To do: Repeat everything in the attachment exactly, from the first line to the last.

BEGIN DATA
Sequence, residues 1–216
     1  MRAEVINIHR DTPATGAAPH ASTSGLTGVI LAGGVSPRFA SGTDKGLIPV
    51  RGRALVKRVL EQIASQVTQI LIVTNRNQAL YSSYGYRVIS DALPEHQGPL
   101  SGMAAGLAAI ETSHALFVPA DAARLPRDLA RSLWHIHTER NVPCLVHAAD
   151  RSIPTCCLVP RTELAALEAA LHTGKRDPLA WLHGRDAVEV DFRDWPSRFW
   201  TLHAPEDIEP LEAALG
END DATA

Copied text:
Sequence, residues 1–216
     1  MRAEVINIHR DTPATGAAPH ASTSGLTGVI LAGGVSPRFA SGTDKGLIPV
    51  RGRALVKRVL EQIASQVTQI LIVTNRNQAL YSSYGYRVIS DALPEHQGPL
   101  SGMAAGLAAI ETSHALFVPA DAARLPRDLA RSLWHIHTER NVPCLVHAAD
   151  RSIPTCCLVP RTELAALEAA LHTGKRDPLA WLHGRDAVEV DFRDWPSRFW
   201  TLHAPEDIEP LEAALG